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Corollaries of Faith: Catholic Missions and Ivory in the Early Modern World

Tuesday, September 26, 2017, 5:30 pm

 Iberian expansion in the sixteenth century was driven by commerce but accompanied by assiduous missionary activity by the Jesuits, Dominicans, Augustinians and Franciscans.  The effects of this transplant of people and ideas had wide-ranging effects that still reverberate today.  One such realm is ivory carving. Through missionary activity, ivory spread to many places that previously had no elephants, no  history of production or nor any  traditional  demand in ways that would almost certainly not have occurred.  Why was ivory a corollary of the spread of faith?  Where did it and just what were these impacts?  This talk will explore these issues as a way to better understand the early modern world.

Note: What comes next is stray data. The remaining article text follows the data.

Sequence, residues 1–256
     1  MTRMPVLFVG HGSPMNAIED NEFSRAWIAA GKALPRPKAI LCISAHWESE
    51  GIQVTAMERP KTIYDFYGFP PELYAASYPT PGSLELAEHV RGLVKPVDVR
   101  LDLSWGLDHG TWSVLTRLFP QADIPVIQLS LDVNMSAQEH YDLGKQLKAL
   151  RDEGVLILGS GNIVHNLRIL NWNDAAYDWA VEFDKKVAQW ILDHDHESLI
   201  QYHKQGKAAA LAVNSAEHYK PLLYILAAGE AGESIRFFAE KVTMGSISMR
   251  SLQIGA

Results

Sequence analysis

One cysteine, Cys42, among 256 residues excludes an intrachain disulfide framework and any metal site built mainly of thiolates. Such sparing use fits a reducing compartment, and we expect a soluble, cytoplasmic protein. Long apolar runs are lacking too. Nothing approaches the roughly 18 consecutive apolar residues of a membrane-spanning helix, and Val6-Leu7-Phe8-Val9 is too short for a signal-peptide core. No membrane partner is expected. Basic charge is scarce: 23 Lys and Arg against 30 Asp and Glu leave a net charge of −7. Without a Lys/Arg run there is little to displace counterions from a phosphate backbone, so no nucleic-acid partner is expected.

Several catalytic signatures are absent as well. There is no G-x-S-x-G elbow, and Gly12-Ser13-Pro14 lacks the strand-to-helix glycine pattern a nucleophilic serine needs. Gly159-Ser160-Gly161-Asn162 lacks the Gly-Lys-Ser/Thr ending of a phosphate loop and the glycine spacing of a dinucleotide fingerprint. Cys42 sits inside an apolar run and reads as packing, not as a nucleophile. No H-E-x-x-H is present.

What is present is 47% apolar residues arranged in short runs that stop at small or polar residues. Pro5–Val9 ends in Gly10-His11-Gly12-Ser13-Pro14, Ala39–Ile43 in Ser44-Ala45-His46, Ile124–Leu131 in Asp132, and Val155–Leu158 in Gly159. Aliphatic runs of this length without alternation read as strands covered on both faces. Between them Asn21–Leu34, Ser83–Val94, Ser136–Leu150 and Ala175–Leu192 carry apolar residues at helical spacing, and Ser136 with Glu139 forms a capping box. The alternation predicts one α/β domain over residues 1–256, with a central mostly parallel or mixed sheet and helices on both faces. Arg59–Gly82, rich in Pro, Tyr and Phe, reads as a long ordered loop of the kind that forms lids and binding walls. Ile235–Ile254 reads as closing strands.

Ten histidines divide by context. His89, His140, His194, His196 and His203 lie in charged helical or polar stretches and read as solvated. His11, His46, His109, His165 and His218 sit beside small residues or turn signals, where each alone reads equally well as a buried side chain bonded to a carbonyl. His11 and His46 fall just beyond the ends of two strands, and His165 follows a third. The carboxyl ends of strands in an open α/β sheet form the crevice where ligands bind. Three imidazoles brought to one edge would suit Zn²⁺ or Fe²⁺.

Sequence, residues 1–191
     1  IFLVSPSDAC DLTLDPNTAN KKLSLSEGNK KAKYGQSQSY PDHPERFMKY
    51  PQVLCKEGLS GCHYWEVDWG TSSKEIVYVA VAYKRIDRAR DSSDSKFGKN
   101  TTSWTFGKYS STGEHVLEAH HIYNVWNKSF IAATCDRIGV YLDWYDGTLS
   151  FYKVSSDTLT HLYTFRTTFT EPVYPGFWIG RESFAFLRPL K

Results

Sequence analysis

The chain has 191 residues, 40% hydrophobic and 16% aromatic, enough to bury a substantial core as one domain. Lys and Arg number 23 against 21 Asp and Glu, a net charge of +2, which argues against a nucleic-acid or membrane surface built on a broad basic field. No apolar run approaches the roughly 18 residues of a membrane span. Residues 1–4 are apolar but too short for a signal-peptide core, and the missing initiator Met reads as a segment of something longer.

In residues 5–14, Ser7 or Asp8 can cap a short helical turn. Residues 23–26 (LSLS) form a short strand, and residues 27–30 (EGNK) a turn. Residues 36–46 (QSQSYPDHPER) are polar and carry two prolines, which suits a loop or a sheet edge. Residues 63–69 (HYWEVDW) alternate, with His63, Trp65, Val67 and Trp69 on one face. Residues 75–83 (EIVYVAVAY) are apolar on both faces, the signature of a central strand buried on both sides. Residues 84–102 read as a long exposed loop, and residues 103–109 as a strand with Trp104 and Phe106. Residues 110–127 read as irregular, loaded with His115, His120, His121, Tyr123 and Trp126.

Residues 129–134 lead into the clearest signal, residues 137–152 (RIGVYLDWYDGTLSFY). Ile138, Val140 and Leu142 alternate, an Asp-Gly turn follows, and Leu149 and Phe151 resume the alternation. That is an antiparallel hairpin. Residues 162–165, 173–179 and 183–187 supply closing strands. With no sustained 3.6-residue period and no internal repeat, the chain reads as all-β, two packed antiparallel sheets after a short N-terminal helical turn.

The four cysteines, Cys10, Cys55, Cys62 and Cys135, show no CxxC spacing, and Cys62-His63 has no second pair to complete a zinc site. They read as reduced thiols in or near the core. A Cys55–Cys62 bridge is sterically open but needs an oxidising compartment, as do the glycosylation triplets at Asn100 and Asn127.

Martha Chaiklin is a scholar of Japan, the East India Companies and material culture.  She is the author of Cultural Commerce and Dutch Commercial Culture: The Influence of European Material Culture on Japan (CNWS, 2003) ,  A Pioneer in Yokohama (Hackett 2012),  and  Ivory and the Aesthetics of Modernity in Meiji Japan (Palgrave, 2014) as well as numerous book chapters and articles.  She is currently writing a book on ivory and its trade in the early modern world.